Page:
[ModLib] Letterpress and Offset in Modern Library Texts and Jackets
lathbury at gmu.edu
Sun Apr 10 13:17:22 EDT 2011
Although not a collector like others on this list serve, I own, for the sake of reading, a number of Modern Library books. I note that the trend toward printing the books is from letterpress (hot type, with raised and incuse areas on the plates) to offset (cold type, planographic):
1. The text of all earlier books--up to roughly the mid 1960's--is printed letterpress. Plates were rented from the original publishers and re-imposed on the press for the Modern Library size and format. There may be some illustrated books, especially ones with colored pictures, that use offset lithography.
2. The text of later books is printed offset. You can recognize offset paper by its smoother, whiter, glossier surface. Offset presses, in which rubber rollers transfer images to the surface of the printed sheet, cannot use paper with fibers that detach and stick to the those rollers in printing. Even fibrous papers that have been calendered (pressed between heavy steel rollers) to tamp down the surface do not readily accommodate offset use.
Sometimes a ML letterpress book (e. g., _The Poorhouse Fair_ and _Rabbit, Run_; _V_; _Catch-22_) was photographed and reduced so as to fit the smaller size ML page. The plates of the original were too large for use in the ML size. Note that some earlier ML books printed from the original plates have almost offensively tight margins--e. g., _The Great Gatsby._
3. As long as appropriately dimensioned plates were serviceable (a flexible criterion) letterpress plates were used. As late as 1984 plates from four score years earlier were still being printed (_Sister Carrie_), although the type batter and the illegibility of some text would seem to have called for abandonment. However, up until the 1960's the Modern Library was pretty exclusively (though not solely) a reprinting operation; so the expense of new plates was always avoided if possible.
My copy of _A Hazard of New Fortunes_ was printed (letterpress) from the plates of the original two volume 1890 Harper edition, without effort to make the page numbers continuous after volume 1. Some early Boni Modern Library books may have been set expressly for the Modern Library. I don't know.
Offset plates are cheaper to make than letterpress ones. This economy meant that arrangements between the original publisher and the Modern Library increasingly became a contractual right that need not necessarily involve the rental of original plates as it did (for instance) with some of the 1930-1960 books--_The Maltese Falcon_ or _Selected Short Stories of Eudora Welty_.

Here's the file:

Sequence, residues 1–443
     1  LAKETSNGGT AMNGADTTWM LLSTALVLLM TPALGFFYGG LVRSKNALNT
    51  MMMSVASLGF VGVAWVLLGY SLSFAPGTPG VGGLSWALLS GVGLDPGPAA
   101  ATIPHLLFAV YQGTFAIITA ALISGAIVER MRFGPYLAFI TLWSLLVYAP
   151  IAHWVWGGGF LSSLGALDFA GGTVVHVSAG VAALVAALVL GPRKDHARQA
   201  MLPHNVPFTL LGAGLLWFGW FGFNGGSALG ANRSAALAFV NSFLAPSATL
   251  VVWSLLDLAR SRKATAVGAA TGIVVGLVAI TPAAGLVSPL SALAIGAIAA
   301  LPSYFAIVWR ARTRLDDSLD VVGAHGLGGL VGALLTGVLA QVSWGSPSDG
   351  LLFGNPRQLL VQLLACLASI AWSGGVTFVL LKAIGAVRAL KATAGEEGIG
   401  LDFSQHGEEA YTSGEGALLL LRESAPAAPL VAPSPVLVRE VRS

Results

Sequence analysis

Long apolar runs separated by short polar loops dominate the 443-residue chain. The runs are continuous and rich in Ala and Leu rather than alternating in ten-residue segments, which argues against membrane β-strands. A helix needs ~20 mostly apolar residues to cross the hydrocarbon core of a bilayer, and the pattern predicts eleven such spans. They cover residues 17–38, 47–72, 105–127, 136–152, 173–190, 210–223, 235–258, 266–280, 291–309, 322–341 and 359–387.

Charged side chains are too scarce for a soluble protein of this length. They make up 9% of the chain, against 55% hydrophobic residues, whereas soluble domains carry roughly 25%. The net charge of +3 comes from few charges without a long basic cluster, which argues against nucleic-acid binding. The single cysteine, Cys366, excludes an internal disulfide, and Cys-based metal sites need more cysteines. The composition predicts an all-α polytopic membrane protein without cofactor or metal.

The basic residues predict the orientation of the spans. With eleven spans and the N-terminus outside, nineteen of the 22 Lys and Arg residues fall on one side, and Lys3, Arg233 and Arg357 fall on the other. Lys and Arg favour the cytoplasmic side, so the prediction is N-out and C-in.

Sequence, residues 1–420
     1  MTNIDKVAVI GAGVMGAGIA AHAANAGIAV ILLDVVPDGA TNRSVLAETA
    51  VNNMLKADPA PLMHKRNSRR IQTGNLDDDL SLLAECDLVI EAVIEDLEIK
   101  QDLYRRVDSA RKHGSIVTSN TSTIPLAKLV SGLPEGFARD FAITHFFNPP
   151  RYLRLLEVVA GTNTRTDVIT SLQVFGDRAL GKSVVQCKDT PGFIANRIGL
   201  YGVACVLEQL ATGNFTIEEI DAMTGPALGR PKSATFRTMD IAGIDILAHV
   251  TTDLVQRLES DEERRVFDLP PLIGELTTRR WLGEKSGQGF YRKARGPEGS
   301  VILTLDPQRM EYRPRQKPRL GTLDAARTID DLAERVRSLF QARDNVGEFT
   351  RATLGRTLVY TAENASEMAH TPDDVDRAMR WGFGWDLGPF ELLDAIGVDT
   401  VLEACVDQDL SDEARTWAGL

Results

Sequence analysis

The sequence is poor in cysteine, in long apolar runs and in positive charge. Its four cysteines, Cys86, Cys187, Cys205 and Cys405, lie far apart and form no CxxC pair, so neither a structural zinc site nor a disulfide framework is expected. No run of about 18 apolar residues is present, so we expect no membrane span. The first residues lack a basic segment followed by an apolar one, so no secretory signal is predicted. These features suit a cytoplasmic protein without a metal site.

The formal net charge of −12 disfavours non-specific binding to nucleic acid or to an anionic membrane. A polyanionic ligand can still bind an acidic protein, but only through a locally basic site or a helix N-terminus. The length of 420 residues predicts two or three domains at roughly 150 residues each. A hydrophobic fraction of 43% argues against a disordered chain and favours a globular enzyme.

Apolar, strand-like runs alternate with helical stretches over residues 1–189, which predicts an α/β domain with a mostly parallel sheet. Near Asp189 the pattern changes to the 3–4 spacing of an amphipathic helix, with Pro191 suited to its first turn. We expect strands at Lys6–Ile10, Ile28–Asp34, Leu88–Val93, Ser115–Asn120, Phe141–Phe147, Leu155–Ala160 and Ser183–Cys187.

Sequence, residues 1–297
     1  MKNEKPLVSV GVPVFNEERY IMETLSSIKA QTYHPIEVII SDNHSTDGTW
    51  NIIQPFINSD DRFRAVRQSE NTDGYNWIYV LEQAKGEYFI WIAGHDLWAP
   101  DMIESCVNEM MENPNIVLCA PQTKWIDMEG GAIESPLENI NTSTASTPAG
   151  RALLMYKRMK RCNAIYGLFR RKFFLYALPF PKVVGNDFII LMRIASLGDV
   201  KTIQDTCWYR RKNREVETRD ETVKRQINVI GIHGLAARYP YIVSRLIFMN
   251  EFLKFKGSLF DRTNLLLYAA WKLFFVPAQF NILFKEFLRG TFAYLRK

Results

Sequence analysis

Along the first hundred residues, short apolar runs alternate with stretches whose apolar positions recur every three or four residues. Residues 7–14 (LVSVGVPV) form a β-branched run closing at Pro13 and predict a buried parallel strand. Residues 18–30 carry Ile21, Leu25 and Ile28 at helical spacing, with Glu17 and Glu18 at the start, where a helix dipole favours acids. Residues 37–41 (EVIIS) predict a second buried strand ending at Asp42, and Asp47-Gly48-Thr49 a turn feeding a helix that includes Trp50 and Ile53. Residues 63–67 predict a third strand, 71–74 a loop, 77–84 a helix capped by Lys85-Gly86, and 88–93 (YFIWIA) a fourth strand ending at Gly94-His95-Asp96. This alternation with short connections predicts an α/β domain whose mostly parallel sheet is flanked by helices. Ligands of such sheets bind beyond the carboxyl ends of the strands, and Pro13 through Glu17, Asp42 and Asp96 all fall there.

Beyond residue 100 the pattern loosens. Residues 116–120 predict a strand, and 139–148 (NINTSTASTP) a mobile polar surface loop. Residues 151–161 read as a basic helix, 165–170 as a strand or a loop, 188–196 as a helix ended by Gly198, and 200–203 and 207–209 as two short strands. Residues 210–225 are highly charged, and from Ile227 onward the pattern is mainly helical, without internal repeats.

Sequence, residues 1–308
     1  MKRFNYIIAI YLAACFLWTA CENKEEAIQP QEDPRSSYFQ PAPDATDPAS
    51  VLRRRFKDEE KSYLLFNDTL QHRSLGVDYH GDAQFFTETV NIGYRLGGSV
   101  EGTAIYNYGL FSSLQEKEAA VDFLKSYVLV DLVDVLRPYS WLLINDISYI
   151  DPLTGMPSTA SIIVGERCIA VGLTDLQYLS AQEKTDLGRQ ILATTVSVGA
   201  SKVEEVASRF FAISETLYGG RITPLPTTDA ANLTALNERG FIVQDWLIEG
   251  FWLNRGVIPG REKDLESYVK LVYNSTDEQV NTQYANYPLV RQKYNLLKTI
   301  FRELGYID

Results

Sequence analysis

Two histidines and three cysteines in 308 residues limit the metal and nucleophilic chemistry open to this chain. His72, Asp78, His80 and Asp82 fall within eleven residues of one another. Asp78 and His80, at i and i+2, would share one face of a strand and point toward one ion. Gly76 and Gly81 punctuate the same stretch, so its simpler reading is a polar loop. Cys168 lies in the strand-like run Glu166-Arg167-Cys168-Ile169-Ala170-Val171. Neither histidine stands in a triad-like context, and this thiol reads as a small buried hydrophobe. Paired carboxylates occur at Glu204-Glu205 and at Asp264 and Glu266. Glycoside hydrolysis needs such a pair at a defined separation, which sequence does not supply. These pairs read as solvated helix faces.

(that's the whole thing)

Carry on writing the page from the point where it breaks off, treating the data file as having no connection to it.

4. As far as jackets go, the rectos of the earlier jackets, especially the typographic ones, were printed letterpress.
5. The versos of the earlier jackets ("Which of these 5,000,000 outstanding titles do you own?") were printed letterpress.
6. The change-over from letterpress to offset jackets looks to me to have occurred around 1965 or so. My _Anna Karenina,_ an offset production for both text and jacket, is dated "September 1965" (first Modern Library edition). The back of the jacket is blank, but the jacket style is not one of those ones with a colored line border and the "ml" logo.
However, _Nine Stories,_ for which text plates were rented, has a letterpress jacket. I had a copy, since given away, that was bought in the mid 1960's and was a letterpress production. This tells me that stock of both letterpress and offset books was offered simultaneously.
Offset plates are easier to edit or refashion than letterpress, yet I have seen no jacket that looks to me printed offset one side and letterpress on the other. Has anyone? All of the two-sided jackets I have seen look to me to be entirely letterpress productions. I do not have, in order examine them, the thousands of books that this group has.
As long as jackets were roughly of the same dimensions, it might seem to make economic sense to print the versos many jackets, destined for different rectos (titles), at the same time and then to use those jackets for different rectos; however, this would entail rather much in the way of planning with printers, and I doubt that it was done. Such a decision could have been made also independently of the orders of Random House and would not be traceable in Random's records because printing contracts almost always leave the means of production up to the printer and not the publisher.
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